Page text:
I asserted that up is down. That statement is false on its face.

I feel like I've seen at least one single word that means "on its face." Words with close etymology and meaning

  • Superficial. If ficial were a word that would do the job.
  • Prima facie has the right meaning in actual use: "That statement is prima facie false." But that's two words. I'm also not satisfied because it literally means "on first face." What I am looking for wouldn't be so qualified: It means that the qualified thing is that way no matter how many times or how deeply we look at it.
  • Close but not quite: Obviously and its synonyms – clearly, indisputably, undeniably. These all have at least some connotation that the thing so qualified could be or is in dispute, but that the dispute is rejected. I want a word that refers to the nature of the thing and whose connotation is that no dispute can even be entertained. E.g., "A false statement is false on its face."
  • 1
    unquestionably ? beyond a shadow of doubt ?
    – Centaurus
    Nov 9, 2019 at 20:30
  • @Centaurus: Those both fall into the third category I list as "close but not quite." (And the latter is not close to a single word.)
    – feetwet
    Nov 9, 2019 at 20:58
  • "Literally"? If its meaning wasn’t currently changing to "figuratively".... of course the Aurora do tend to make for green skies, so I could dispute your claim (but I don’t think that’s what you mean!).
    – Pam
    Nov 9, 2019 at 21:18
  • 2
    It is rather unclear how there can be a word that, at the same time, (1) 'means that the qualified thing is that way no matter how many times or how deeply we look at it' and also (2) means the same as on its face or prima facie. It is at the core of the meaning of these two phrases that, upon closer investigation or analysis, things may turn out to be different. Jasson Bassford's answer, below, is aiming at (1), but not (2), which fits the body of the question, but not its title.
    – jsw29
    Nov 11, 2019 at 16:23
  • 1
    How does indisputably or unquestionably not carry the meaning that “no dispute can even be entertained”? Nov 11, 2019 at 16:49

2 Answers 2


As jsw29 said in comment, you can't have a word that is synonymous with prima facie and means ‘true no matter how deeply you investigate’, because that's not what prima facie means.

If you want the first meaning in one word, there's the legalese facially.

If you want the second meaning, see Jason Bassford's answer.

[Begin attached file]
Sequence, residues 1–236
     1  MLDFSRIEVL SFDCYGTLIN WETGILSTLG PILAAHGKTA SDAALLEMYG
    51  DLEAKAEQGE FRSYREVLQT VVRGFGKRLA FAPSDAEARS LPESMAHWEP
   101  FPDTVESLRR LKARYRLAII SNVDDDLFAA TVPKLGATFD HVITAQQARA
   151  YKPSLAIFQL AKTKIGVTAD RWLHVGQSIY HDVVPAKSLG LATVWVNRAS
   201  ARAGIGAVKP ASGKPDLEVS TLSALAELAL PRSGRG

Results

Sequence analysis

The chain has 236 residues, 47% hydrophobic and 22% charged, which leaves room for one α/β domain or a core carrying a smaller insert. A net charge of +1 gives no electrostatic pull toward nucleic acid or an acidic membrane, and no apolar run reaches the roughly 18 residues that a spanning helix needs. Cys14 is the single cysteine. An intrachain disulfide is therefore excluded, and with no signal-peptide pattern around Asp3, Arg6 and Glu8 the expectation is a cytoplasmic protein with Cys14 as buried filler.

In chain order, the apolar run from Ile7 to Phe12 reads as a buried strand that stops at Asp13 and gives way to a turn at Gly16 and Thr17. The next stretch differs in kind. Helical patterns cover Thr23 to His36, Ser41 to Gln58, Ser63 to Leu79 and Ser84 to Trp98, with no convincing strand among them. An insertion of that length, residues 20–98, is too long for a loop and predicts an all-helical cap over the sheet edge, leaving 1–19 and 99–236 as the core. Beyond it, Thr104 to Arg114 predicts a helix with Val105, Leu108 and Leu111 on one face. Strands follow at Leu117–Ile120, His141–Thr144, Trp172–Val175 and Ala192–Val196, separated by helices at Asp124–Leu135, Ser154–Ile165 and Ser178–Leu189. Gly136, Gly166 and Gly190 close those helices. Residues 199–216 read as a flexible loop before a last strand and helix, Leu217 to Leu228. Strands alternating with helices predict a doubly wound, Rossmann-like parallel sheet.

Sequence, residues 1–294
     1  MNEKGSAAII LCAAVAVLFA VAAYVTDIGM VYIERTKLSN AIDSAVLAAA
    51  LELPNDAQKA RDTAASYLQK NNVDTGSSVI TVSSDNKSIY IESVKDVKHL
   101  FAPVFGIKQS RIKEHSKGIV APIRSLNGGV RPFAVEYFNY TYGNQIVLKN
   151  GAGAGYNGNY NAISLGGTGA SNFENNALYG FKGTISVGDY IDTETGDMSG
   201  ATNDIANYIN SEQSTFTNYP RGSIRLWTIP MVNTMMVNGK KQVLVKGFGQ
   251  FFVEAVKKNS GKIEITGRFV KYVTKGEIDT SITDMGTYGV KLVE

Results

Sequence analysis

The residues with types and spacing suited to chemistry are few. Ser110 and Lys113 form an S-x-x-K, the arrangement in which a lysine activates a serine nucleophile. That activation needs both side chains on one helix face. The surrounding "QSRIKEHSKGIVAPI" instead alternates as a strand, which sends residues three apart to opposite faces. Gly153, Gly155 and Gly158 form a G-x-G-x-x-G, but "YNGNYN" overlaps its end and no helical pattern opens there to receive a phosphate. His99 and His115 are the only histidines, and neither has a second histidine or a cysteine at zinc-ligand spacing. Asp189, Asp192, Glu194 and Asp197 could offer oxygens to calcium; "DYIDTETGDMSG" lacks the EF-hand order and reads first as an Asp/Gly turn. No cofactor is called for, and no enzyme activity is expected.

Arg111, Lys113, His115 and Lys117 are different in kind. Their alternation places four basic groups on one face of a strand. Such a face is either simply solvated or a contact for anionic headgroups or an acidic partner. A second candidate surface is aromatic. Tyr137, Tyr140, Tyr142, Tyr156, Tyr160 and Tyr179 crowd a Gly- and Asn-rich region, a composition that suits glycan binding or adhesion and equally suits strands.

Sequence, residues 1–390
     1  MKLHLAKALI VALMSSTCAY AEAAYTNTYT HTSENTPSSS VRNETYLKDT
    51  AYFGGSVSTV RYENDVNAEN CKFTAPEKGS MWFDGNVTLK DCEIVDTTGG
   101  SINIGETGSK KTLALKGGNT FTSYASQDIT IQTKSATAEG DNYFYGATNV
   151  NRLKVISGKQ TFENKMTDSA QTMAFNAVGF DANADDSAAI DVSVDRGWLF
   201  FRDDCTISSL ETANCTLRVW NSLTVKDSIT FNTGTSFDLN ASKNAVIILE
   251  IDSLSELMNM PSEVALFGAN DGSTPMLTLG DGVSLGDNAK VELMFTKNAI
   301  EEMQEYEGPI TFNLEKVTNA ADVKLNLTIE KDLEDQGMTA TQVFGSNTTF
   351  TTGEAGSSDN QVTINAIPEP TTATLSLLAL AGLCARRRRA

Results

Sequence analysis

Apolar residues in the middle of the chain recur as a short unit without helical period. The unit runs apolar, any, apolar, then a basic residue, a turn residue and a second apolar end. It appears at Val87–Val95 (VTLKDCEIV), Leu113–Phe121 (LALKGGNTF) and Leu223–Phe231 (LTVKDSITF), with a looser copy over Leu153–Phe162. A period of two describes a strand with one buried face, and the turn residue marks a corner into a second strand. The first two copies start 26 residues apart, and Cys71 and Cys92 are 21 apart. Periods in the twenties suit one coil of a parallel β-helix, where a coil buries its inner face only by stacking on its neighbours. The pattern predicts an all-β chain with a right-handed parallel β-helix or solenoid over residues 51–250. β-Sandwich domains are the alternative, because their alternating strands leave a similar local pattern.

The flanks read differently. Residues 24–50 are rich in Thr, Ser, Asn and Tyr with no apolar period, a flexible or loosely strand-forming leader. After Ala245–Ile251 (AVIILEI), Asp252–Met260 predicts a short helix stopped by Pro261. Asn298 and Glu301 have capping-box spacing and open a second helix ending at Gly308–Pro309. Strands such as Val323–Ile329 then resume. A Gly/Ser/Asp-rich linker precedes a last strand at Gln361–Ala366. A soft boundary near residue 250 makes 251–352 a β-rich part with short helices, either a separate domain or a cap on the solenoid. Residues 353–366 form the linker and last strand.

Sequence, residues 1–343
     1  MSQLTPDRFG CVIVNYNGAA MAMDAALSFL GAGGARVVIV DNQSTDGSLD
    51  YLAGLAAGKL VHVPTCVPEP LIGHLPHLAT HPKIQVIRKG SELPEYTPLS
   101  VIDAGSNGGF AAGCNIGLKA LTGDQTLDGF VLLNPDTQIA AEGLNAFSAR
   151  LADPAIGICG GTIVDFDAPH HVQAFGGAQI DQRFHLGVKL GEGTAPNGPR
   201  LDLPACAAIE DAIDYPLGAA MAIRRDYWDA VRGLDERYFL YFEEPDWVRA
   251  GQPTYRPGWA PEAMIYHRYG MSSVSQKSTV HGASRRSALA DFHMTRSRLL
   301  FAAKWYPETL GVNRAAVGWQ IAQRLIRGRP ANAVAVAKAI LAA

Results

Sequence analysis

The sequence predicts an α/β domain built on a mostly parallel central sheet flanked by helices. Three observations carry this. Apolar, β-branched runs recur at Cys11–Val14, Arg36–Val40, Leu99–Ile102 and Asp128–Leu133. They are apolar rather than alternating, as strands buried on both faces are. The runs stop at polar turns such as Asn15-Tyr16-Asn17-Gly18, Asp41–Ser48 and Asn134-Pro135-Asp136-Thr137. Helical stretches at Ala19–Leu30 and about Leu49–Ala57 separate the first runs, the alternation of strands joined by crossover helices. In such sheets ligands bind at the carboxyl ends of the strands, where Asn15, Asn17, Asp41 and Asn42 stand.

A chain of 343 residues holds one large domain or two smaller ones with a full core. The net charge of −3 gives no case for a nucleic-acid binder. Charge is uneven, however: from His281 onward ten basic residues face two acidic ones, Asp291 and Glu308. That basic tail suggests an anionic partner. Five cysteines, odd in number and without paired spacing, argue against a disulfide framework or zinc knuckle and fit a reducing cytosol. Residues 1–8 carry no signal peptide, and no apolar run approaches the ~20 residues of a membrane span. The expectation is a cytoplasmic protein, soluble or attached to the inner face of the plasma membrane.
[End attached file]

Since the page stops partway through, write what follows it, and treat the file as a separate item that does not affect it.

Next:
• It should be noted, though, that facial(ly), in legal contexts, is not always interchangeable with prima facie; sometimes it is used in contrast to as applied.
    – jsw29
    Nov 13, 2019 at 7:02

Note: This is an answer to the original version of the question that used a different example sentence. The question and example sentence has changed since I provided my answer.

I think you're looking for demonstrably:

[Merriam-Webster: demonstrable]
1 : capable of being demonstrated
2 : apparent, evident

In other words:

I asserted that the sky is green. That statement is demonstrably false. (All you have to do is look at the sky to see that it's blue.)

Another word (although it might not meet your definition of a "single word") that means almost the same thing is self-evidently:

[Merriam-Webster: self-evident]
: evident without proof or reasoning


I asserted that the sky is green. That statement is self-evidently false.

As a matter of logic and reason, and in terms of a noun and something that is true not by observation but by a first-cause assertion, it would be an axiom:

1 : a statement accepted as true as the basis for argument or inference : POSTULATE sense 1
// one of the axioms of the theory of evolution
2 : an established rule or principle or a self-evident truth
// cites the axiom "no one gives what he does not have"
3 : a maxim widely accepted on its intrinsic merit
// the axioms of wisdom

In mathematics or logic, an axiom is an unprovable rule or first principle accepted as true because it is self-evident or particularly useful. “Nothing can both be and not be at the same time and in the same respect” is an example of an axiom. The term is often used interchangeably with postulate, though the latter term is sometimes reserved for mathematical applications (such as the postulates of Euclidean geometry). It should be contrasted with a theorem, which requires a rigorous proof.

  • Shouldn't these be 'demonstrable' and 'self evident' for the meanings you have written? Because the adjectives are given as meanings to adverbs.
    – Ram Pillai
    Nov 12, 2019 at 16:00
  • 1
    @RamPillai The dictionary only provides entries for the adjectival forms of the words. It lists the spelling for the adverbial forms at the bottom of those definitions. As such, no link can be provided for the adverbial forms of the words. However, they mean the same thing—they simply have a different grammatical function. Nonetheless, I have updated my answer to make the links clearer. Nov 12, 2019 at 17:28
  • Understand and buy your views.
    – Ram Pillai
    Nov 12, 2019 at 17:40

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